3 Kingston firemen hurt as drill gets out of control

Princeton Packet
20 N0vember, 1987

3 Kingston firemen hurt as drill gets out of control

By Mario Constantino
The Packet Group

 SOUTH BRUNSWICK — Fire doesn’t know the difference between a drill and the real thing.

That is what three Kingston firefighters learned Monday when they were hurt, though not seriously, in a firefighting drill conducted by the Kingston and Princeton Borough fire departments.

The three-hour drill took place in an abandoned house off Route 1, just north of Raymond Road. The departments received permission from the owner to use the site, according to John Luck, chief of the Kingston department. 

“It’s the best way to train firefighters,” he noted. “We created what you would encounter in a normal bedroom fire.”

However, he conceded, “As much as you try and plan for safety, sometimes these things just happen. It was totally unexpected. Under normal fire circumstances, (the injuries) would be considered minor.”

The three injured firefighters, whose names were not given, were transported by the Kingston First Aid Squad to The Medical Center at Princeton.

One man was kept overnight for Observation after receiving bums on his face. One firefighter who received a burn on his wrist and another who suffered smoke inhalation were treated and released, Mr. Luck said.

All went well when the drill began about 7:15 p.m. The abandoned house had been checked beforehand for structural safety. 

“We try to cover all the safety angles,” the chief said.

Smoke bombs were used to create smoke inside the house and fires were started in 55-gallon drums that were placed inside.

“It was to give them the feel of smoke and heat,” Mr. Luck said.

Three pumper trucks and a service truck were brought in by Kingston while Princeton Borough arrived later with its three pumpers and a ladder truck.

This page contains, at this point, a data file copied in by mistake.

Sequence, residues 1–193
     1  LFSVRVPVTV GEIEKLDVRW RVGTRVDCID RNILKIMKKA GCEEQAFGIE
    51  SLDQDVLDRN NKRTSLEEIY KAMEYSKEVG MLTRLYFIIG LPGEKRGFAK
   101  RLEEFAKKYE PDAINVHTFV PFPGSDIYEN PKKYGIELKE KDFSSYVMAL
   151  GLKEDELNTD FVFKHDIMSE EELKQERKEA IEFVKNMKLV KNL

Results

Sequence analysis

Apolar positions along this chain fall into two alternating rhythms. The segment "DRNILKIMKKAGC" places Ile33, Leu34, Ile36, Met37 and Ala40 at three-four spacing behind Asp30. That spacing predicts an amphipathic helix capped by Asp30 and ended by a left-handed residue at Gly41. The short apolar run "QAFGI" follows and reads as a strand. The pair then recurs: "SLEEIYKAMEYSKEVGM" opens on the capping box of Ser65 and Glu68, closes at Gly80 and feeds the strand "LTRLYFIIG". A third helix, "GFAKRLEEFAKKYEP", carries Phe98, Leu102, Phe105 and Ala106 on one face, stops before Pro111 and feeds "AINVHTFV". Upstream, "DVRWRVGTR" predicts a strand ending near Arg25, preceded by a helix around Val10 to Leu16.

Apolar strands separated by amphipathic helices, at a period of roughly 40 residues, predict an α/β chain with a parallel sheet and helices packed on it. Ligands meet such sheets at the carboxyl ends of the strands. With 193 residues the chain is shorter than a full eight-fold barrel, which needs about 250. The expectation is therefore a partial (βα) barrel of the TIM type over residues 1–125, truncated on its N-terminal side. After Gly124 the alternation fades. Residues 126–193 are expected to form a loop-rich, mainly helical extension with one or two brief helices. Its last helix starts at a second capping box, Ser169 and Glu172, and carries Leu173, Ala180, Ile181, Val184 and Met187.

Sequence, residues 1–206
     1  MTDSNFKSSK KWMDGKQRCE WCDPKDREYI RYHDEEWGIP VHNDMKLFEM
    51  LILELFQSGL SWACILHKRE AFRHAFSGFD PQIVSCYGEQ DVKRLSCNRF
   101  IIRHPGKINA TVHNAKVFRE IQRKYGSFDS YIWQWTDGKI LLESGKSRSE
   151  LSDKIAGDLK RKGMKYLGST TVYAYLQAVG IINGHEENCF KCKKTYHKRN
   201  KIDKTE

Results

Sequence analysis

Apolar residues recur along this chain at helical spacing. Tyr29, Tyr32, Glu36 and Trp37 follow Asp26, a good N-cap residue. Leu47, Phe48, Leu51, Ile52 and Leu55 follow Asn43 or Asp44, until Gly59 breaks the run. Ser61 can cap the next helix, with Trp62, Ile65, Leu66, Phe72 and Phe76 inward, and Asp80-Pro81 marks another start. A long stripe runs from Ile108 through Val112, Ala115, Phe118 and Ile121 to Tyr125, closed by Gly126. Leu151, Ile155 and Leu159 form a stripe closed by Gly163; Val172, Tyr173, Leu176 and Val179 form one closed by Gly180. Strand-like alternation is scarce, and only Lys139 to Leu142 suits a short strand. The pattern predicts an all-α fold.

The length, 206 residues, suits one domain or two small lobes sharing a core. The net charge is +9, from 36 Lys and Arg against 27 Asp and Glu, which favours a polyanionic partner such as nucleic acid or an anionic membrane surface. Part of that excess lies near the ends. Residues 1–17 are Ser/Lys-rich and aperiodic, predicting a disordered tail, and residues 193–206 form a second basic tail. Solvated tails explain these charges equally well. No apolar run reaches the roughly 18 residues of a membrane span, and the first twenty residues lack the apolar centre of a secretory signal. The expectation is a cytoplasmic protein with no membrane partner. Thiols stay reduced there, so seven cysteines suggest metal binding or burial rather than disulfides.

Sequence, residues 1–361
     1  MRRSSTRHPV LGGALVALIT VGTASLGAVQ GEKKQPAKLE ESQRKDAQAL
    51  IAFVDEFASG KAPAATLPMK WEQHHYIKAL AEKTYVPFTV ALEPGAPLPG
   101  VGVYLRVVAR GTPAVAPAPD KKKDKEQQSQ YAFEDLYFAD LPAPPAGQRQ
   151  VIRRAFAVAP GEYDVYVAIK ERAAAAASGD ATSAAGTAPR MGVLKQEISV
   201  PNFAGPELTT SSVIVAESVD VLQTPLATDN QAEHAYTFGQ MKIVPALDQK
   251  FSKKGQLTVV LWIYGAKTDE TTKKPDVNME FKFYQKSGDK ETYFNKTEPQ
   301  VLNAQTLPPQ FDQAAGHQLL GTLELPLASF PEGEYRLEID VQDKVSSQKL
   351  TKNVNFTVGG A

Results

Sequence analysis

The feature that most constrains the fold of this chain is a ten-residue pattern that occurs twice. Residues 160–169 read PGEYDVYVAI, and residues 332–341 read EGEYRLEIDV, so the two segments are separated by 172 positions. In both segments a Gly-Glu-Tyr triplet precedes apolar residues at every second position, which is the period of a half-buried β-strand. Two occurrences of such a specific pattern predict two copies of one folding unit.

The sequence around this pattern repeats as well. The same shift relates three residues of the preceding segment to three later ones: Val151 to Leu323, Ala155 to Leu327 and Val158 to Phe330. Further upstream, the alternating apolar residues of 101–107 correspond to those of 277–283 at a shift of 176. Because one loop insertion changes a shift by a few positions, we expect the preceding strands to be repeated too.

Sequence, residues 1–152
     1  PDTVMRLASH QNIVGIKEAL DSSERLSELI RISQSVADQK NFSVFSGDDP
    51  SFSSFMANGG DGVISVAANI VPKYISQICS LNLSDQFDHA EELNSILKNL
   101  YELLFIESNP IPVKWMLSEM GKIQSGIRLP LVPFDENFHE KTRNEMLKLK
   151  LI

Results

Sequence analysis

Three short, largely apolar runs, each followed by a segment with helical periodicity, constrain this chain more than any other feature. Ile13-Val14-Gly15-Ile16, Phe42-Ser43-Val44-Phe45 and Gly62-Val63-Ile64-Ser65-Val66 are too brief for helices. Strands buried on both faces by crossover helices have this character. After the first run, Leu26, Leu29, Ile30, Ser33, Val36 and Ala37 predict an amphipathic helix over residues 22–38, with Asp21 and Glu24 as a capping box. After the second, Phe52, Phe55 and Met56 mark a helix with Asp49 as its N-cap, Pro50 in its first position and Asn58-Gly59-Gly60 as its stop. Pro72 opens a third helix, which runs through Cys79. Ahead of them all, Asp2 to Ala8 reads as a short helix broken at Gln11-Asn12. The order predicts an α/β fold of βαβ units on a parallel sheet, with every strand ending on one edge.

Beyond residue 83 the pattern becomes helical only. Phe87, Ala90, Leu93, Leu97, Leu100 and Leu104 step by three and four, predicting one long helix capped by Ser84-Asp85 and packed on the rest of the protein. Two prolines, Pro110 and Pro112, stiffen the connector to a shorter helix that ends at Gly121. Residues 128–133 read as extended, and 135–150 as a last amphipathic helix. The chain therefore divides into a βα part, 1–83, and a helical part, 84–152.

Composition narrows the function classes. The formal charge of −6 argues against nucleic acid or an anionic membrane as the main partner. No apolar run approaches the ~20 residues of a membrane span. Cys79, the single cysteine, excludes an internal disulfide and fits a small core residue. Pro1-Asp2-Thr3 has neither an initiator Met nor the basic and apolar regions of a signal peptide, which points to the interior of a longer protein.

In addition to extinguishing the fire, the 30 firefighters present also practiced search and rescue techniques, like forcible entry, and ventilation techniques.

Ladders were placed at the windows for ready escape.

The problem occurred after the fire was started, Mr. Luck explained.

“After they’d set the fire, it started to get a little bit too hot upstairs,” he said.

A hoseline was used to “cool down” one room but in the process a “back draft” was created in an adjoining room that fed more oxygen to the fire and caused the flames and smoke to escalate.

Because of the heavy smoke and flames, the firefighter in the room went to the window to escape. He was assisted by another firefighter outside on a ladder who, in reaching through the smoke for his cohort, accidentally pulled his face mask off, which resulted in the facial bums. Mr. Luck explained that although all the firefighters were, wearing full protective gear, the fireman on the ladder burned his wrist when it was accidentally exposed and made contact with the other fireman’s metal air tank, which was hot from the flames.

Monday’s accident marked the first time a Kingston firefighter was burned in a drill.

“We’ve never had any kind of problem,” Mr. Luck said, other than the usual bruises, strains and scratches that come with such activity. No one had ever been sent to the hospital before. 

“This was the most serious,” he said.

Despite Monday’s woes, the Kingston Fire Department is returning to the scene this Saturday along with the Monmouth Junction and Kendall Park fire departments for another drill. Plainsboro also will participate.

Again, like on Monday, there will be a certain amount of risk involved, according to Mr. Luck, but le emphasized, “It’s really as controlled as you get when you’re dealing with something as unpredictable, as fire.”


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